The interesting thing about this (slightly contrived) plot is that there is a sudden increase in publications in 2007 that lasts for a few years. This is the sort of thing we might want to investigate. We might take a look at term frequencies to see if there were any differences between 2006 and 2007.

Introducing text mining

Here is a function that takes a year as an argument and returns the twenty most frequent words in the abstracts for that year, after some manipulations.

articles1<-data.frame('Abstract'=AbstractText(fetch), 'Year'=YearPubmed(fetch))
abstractsOnly<-paste(abstractsOnly, sep="", collapse="")
stsp<-rm_stopwords(abstractsOnly, stopwords = qdapDictionaries::Top100Words)
ord<-ord[order(ord$Freq, decreasing=TRUE),]

Let’s run our function twice and compare.

all<-cbind(oSix, oSeven)

                   2006 freq          2007 freq
10               bovine    6         bovis   12
38           infectious    6        calves   11
42 keratoconjunctivitis    6             m    8
60                  qtl    4           ibk    7
14          centimorgan    3     moraxella    7
24                    f    3       vaccine    6
32             hereford    3       control    5
50            offspring    3     cytotoxin    5
2                  also    2      isolates    5
4                 angus    2       pinkeye    5
5               animals    2   recombinant    5
13               cattle    2             s    5
16           chromosome    2      analysis    4
17                 cows    2    associated    4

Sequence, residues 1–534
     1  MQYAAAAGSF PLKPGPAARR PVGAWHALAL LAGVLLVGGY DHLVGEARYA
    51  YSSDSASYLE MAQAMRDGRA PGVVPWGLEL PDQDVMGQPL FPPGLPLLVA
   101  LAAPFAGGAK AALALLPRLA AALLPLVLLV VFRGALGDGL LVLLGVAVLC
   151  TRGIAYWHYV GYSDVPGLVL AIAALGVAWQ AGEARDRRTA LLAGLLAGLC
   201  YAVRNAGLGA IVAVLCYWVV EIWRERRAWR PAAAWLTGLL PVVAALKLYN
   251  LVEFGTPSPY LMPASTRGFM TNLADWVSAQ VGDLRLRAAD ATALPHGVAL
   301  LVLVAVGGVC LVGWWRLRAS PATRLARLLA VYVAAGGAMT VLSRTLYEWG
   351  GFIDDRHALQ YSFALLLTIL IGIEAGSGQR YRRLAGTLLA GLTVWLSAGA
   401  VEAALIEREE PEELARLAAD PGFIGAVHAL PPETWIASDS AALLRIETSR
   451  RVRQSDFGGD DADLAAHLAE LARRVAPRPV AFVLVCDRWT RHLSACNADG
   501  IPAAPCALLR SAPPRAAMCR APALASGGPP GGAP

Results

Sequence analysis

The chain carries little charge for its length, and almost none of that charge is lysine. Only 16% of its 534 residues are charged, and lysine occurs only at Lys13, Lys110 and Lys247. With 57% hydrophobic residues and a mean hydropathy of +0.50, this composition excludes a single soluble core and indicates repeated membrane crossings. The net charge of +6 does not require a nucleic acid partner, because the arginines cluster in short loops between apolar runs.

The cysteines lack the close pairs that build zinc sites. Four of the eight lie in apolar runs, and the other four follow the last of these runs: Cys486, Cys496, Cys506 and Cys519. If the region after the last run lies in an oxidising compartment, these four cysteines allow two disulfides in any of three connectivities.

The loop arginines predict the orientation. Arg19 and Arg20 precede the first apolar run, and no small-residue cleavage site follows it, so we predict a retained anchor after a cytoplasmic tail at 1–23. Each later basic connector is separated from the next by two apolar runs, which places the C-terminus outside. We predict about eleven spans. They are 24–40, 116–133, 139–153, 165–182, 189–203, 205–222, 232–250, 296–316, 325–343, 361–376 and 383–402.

20              disease    2             b    4
22             evidence    2      efficacy    4
27           fstatistic    2          gene    4
31                group    2          mbxa    4
33           identified    2 phospholipase    4
41             interval    2     pilinmbxa    4

In addition to recognizing that pinkeye seems to have nothing to do with second-graders, there does seem to be a difference in the types of words that are most frequent. Articles from 2006 have words associated with generational studies of different breeds like “offspring”, “centimorgan”, “angus” and “hereford”, “f-statistic”, “group”, and “interval”. In contrast, 2007 articles have biochemistry looking terms like “ibk”, “Moraxella”, “cytotoxin”, “isolates”, “recombinant”, “gene”, “mbxa”, “phospholipase”, and even perhaps “vaccine”. Maybe the spike in articles is the result of a discovery concerning the host pathways controlled by pinkeye bacteria toxins, or the emergence of a new strategy for treatment that targets a bacterial pathway.

A good strategy might be to search words like “Moraxella” or “mbxa” to see if there is a corresponding spike before 2007. Even “bovis” might be a candidate to search 2006 for a discovery that led to the spike in scientific interest. (It doesn’t seem like the kind of topic that would warrant a nyTimes API scrub or twitter feeds, maybe in the rural Midwest only). We could investigate funding sources by searching NIH grant titles, or searching rural news sources for clues.

EUtilsGet subtleties

Another strategy in this particular case might be reviewing publications by a researcher who specializes in pinkeye. Author(EUtilsGet()) returns a list of data frames, so we need to use an inline function to extract all the names.

Last<-sapply(auths, function(x)paste(x$LastName))
auths2<, dec=TRUE))
   LastName  ForeName Initials order
1 Kizilkaya     Kadir        K     1
2      Tait Richard G       RG     2
3   Garrick  Dorian J       DJ     3
4  Fernando   Rohan L       RL     4
5     Reecy   James M       JM     5

Angelos     5
Ball        3
O'Connor    3
Reecy       3
Tait        3
Casas       2

Maybe Dr. Angelos has written a review after 2006 that describes the change in interest in bovine pinkeye.

Until next time!